Just one year ago, director Ari Aster marked himself out as a talent worth watching with Hereditary. Now, with Midsommar, Aster has confirmed his status as royalty within the horror genre. If Hereditary was a tale of a family’s grief which soon delved into the supernatural, then Midsommar is a tale of a girl’s sorrow & heartache at the death of her family which is further amplified by existing in a toxic relationship with her dickhead boyfriend. It’s a film that does not go for jump scares, but rather takes the viewer on altogether tension filled ride that will leave audiences feeling just as unhinged as Florence Pugh’s main character.
The set-up in Midsommar is really fairly brief. Florence Pugh’s Dani has recently suffered a horrific family tragedy and seeks comfort in the shape of Jack Reynor’s Christian. The two are stuck in a relationship neither of them knows how to get out of, with only Dani’s friend seeing the truth of the matter during a desperate phone call. The pair, along with Christians’ friends, reluctantly embark on a trip to Sweden for the country’s midsummer festival in the hope of potentially saving their decaying relationship.
Following up one of the decades best horror films is no mean feat. Similar to Jordan Peele and his double-whammy of Get Out and Us, Ari Aster feels more confident here – like a director who has found his groove and is now more assured. His talent to take the everyday scenarios we all face and make them terrifying is one that should not be underestimated. Taking these situations and then ramping them up with an almost unearthly authority, while at the same time examining death, guilt, sorrow, toxic relationships and how we cope with these scenarios makes for a film that can feel too much to bear at times. It’s this quality that truly marks out Midsommar. Like Hereditary before it, the film stays with you long after the credits have rolled and Aster’s real value is in creating stories that can truly endure.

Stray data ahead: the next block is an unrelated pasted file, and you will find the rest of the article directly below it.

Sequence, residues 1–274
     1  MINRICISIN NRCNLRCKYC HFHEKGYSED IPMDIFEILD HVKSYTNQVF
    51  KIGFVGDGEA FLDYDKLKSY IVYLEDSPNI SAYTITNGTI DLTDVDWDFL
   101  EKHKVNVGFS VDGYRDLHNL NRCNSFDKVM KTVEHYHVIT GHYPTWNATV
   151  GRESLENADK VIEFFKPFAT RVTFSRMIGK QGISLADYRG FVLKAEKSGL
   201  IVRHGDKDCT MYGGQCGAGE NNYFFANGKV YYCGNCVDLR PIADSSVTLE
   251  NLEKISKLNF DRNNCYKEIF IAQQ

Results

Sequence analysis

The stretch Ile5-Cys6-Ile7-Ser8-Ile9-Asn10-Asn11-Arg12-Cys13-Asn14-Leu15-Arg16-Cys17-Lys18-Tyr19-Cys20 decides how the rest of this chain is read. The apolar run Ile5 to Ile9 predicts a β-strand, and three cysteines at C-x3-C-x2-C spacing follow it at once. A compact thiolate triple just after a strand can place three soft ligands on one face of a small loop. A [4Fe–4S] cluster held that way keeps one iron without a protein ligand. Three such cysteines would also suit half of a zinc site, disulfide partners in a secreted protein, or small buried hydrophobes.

In its themes and visuals, Midsommar can be as haunting as it is beautiful. There are truly some wonderful Kubrick-like moments on show here. From the long shots of Swedish countryside, to the harrowing music that burns into your soul, Midsommar feels like a film that’s only purpose is to unravel the audience to the point of utter nervousness. Setting the film during Sweden’s summer period where the sunlight is almost eternal, lends the film an almost unnatural atmosphere and amplifies every situation. It’s all done so well that Midsommar feels like an art exhibition, as Aster continually enriches every scene with an astonishing level of confidence.
At 171 minutes, the directors cut of Midsommar could have become a slog, with its running time testing the patience of many a fan. For the horror genre, this seems like a particularly long duration. But again, Aster wastes no time, with each shot and sequence feeling necessary until its haunting conclusion. Doubters may point to the films length as a criticism or simply mark it down as odd or just too damn weird. But that is to miss the point, and would completely omit the sheer craft that has gone into making this modern classic.
Midsommar is out now on DVD, Blu-ray and digital download.